PLoS Neglected Tropical Diseases (2019) 13 (2 - e0007203)

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Mike W. Dunbar, Fabian Correa-Morales, Felipe Dzul-Manzanilla, Anuar Medina-Barreiro, Wilbert Bibiano-Marín, Evaristo Morales-Ríos, José Vadillo-Sánchez, Beatriz López-Monroy, Scott A. Ritchie, Audrey Lenhart, Pablo Manrique-Saide and Gonzalo M. Vazquez-Prokopec (2019)
Efficacy of novel indoor residual spraying methods targeting pyrethroid-resistant Aedes aegypti within experimental houses
PLoS Neglected Tropical Diseases 13 (2 - e0007203)
Abstract: Challenges in maintaining high effectiveness of classic vector control in urban areas has renewed the interest in indoor residual spraying (IRS) as a promising approach for Aedes-borne disease prevention. While IRS has many benefits, application time and intrusive indoor applications make its scalability in urban areas difficult. Modifying IRS to account for Ae. aegypti resting behavior, named targeted IRS (TIRS, spraying walls below 1.5 m and under furniture) can reduce application time; however, an untested assumption is that modifications to IRS will not negatively impact entomological efficacy. We conducted a comparative experimental study evaluating the residual efficacy of classically-applied IRS (as developed for malaria control) compared to two TIRS application methods using a carbamate insecticide against a pyrethroid-resistant, field-derived Ae. aegypti strain. We performed our study within a novel experimental house setting (n = 9 houses) located in Merida (Mexico), with similar layouts and standardized contents. Classic IRS application (insecticide applied to full walls and under furniture) was compared to: a) TIRS: insecticide applied to walls below 1.5 m and under furniture, and b) Resting Site TIRS (RS-TIRS): insecticide applied only under furniture. Mosquito mortality was measured eight times post-application (out to six months post-application) by releasing 100 Ae. aegypti females /house and collecting live and dead individuals after 24 hrs exposure. Compared to Classic IRS, TIRS and RS-TIRS took less time to apply (31% and 82% reduction, respectively) and used less insecticide (38% and 85% reduction, respectively). Mortality of pyrethroid-resistant Ae. aegypti did not significantly differ among the three IRS application methods up to two months post application, and did not significantly differ between Classic IRS and TIRS up to four months post application. These data illustrate that optimizing IRS to more efficiently target Ae. aegypti can both reduce application time and insecticide volume with no apparent reduction in entomological efficacy.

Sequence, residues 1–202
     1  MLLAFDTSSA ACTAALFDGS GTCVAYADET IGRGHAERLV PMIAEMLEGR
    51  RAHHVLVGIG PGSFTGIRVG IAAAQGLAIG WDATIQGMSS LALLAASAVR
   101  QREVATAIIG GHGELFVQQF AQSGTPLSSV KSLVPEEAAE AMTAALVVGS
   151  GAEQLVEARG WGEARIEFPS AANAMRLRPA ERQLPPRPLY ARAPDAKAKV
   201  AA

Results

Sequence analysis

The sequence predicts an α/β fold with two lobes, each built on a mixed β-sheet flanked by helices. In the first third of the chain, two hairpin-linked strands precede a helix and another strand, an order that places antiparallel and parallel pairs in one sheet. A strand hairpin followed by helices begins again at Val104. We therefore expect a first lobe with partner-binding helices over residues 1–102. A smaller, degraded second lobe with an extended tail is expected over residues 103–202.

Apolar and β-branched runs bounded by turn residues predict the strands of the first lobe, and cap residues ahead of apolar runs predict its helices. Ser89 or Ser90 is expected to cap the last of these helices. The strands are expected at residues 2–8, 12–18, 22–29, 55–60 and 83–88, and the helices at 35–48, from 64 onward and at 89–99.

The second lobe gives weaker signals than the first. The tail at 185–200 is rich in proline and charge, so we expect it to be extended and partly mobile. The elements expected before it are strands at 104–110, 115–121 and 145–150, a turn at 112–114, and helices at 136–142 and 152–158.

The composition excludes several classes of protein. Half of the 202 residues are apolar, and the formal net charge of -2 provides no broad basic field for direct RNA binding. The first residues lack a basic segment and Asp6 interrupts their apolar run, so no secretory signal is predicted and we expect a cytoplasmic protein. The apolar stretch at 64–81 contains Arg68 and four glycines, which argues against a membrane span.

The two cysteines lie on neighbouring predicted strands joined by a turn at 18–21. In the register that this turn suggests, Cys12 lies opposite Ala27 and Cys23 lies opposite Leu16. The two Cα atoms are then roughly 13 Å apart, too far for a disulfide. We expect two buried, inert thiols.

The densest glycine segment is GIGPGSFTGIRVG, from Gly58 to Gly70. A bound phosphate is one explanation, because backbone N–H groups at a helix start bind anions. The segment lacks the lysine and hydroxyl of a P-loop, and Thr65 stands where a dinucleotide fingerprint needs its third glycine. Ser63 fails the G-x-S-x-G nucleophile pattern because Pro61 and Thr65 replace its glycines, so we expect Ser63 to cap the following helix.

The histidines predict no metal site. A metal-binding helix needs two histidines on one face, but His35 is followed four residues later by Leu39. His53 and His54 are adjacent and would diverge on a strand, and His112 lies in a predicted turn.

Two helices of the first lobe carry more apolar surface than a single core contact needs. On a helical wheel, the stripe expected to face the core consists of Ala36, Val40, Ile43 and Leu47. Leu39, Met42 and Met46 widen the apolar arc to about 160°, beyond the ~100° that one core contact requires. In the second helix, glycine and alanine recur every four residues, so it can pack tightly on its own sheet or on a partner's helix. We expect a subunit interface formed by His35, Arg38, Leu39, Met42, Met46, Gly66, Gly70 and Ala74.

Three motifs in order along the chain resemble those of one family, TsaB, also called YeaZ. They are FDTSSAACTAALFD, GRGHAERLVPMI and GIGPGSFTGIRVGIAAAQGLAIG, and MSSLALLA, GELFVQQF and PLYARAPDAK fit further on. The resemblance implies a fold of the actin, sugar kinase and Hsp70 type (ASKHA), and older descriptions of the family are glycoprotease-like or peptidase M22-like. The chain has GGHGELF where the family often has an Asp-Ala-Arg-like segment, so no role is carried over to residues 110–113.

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Full text of article
Database assignments for author(s): Scott A. Ritchie, Gonzalo M. Vazquez-Prokopec

Research topic(s) for pests/diseases/weeds:
pesticide resistance of pest

Pest and/or beneficial records:

Beneficial Pest/Disease/Weed Crop/Product Country Quarant.

Aedes aegypti Mexico